In practice, however, it would seem that many local jurisdictions are not interested in bothering the “incense” (and “bath salts”) sellers until they have clearer guidance- typically by the more rapidly acting state or local officials enacting specific bans. It is very possible that this is because of a practical interpretation via the case law in this area that both clauses have to be met. You have to have structural and pharmacological similarity to a Schedule I compound for a prosecution of an Analog to succeed. This is my interpretation of what went down over the past year, anyway.
Here’s where the story referenced by the commenter gets even more interesting. As noted by David Kroll, the DEA has now taken action to schedule five cannabimimetics that have been seen on the recreational market.
The detailed chemical names of the five compounds are listed here at the DEA Office of Diversion site but their common names are CP-47,497, JWH-018, JWH-073, JWH-200, and cannabicyclohexanol (a CP-47,497 analog).
The reporting on the Srack case, however, suggests that he was selling “potpourri” products containing JWH-081, a compound not specifically mentioned by the DEA. (One paper identifies this compound in drug-screen blood samples from Germany.) A review of drugs-forum, Wikipedia and bluelight should give you the idea that this is most certainly not a typo for the lead-indicator JWH-018!
JWH-081The Srack news bit seems to indicate that the local authorities are full willing to proceed on the basis of the Analog Act:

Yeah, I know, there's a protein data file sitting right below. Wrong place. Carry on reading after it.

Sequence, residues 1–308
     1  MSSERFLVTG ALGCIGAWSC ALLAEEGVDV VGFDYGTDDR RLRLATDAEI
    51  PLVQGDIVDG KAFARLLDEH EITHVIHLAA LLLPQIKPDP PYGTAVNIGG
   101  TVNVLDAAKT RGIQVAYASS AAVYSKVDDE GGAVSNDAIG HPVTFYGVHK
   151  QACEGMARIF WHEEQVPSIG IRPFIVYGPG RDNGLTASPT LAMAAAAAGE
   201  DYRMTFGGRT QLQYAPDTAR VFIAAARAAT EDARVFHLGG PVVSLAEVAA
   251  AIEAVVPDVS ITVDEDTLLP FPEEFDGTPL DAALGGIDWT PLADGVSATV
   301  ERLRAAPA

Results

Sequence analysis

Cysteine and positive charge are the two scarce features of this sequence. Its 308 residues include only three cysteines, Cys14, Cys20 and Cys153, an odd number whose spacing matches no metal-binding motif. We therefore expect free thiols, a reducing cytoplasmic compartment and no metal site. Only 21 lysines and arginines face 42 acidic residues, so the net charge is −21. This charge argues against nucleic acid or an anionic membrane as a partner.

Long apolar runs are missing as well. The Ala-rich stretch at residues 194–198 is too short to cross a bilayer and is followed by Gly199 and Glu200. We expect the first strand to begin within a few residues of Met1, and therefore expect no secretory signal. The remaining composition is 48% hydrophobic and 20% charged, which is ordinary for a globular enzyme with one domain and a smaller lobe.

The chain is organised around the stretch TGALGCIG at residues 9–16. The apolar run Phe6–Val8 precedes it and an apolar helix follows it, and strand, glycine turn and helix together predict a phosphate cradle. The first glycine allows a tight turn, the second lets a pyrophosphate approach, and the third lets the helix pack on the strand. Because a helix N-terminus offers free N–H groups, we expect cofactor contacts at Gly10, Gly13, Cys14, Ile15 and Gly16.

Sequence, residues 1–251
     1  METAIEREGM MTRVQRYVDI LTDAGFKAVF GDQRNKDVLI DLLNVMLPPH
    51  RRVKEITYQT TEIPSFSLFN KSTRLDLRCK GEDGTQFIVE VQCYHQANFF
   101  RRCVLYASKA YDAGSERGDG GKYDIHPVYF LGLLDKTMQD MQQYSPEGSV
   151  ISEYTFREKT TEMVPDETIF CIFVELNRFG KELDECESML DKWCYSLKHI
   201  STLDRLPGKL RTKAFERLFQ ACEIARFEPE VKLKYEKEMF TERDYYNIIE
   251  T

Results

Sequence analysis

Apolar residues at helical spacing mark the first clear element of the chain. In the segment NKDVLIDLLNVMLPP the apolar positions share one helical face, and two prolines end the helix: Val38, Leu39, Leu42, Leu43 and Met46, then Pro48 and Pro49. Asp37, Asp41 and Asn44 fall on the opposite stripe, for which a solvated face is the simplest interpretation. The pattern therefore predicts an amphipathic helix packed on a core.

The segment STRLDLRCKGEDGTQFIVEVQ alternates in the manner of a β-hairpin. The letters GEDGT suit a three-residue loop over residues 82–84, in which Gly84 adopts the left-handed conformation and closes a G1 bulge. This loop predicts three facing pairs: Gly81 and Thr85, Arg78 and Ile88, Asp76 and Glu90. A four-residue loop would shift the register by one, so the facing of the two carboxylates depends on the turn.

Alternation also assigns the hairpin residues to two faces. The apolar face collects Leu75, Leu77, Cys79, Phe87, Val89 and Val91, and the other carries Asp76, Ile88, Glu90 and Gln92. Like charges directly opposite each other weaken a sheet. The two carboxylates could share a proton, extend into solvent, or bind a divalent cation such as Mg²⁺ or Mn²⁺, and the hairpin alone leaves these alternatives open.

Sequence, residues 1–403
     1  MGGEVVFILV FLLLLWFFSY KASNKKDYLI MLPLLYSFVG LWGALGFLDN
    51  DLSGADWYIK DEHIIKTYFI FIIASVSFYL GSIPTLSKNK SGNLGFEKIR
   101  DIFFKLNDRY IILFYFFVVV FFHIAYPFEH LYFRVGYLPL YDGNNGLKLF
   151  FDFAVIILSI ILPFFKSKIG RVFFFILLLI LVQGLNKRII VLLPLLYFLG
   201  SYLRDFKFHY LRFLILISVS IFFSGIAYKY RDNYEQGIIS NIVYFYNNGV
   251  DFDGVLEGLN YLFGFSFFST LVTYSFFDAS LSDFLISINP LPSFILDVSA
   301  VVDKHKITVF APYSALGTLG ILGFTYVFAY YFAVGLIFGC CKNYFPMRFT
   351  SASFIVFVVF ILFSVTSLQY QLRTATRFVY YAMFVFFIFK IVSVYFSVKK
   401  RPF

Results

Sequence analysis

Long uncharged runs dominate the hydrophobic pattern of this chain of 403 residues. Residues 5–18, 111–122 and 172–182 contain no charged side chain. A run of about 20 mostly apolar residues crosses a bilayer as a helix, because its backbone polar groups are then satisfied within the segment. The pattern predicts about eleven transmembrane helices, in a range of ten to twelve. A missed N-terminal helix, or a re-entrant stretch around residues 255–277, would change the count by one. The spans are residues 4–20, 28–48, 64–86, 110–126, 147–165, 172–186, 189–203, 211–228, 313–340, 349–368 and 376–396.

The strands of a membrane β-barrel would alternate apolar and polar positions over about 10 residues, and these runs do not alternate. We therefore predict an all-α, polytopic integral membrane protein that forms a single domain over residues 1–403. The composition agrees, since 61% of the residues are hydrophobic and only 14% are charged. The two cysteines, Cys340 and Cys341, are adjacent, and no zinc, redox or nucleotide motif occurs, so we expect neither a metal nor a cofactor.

The criminal complaint against Srack asserts that JWH-081 is an analog, or substance with a similar chemical makeup, to the controlled substance JWH-018, an ingredient in early versions of synthetic marijuana that has been banned.
It is notable that they reference JWH-018 instead of THC. The JWH compounds are not structurally similar to THC, even though they produce a similar pharmacological action, and probably even a greater action in the psychoactive direction. Now that some of them are Scheduled, it should be easier to make the case against additional compounds in the series that are not specifically scheduled by the DEA.
JWH-018The bottom line is that the state has not “fiddled with the law until it enabled the police to arrest someone for doing something that wasn’t illegal when he started” in the Srack case. They have acted on the basis of a provision that has been in place for decades and under which the arrest/prosecution has been fairly conservative (the “and” instead of “or” interpretation of the two criteria) when it comes to cannabimimetic-infused “incense”. If anything, this recent episode should have made it even more apparent to “incense” sellers that once both criteria were met, the gloves would come off.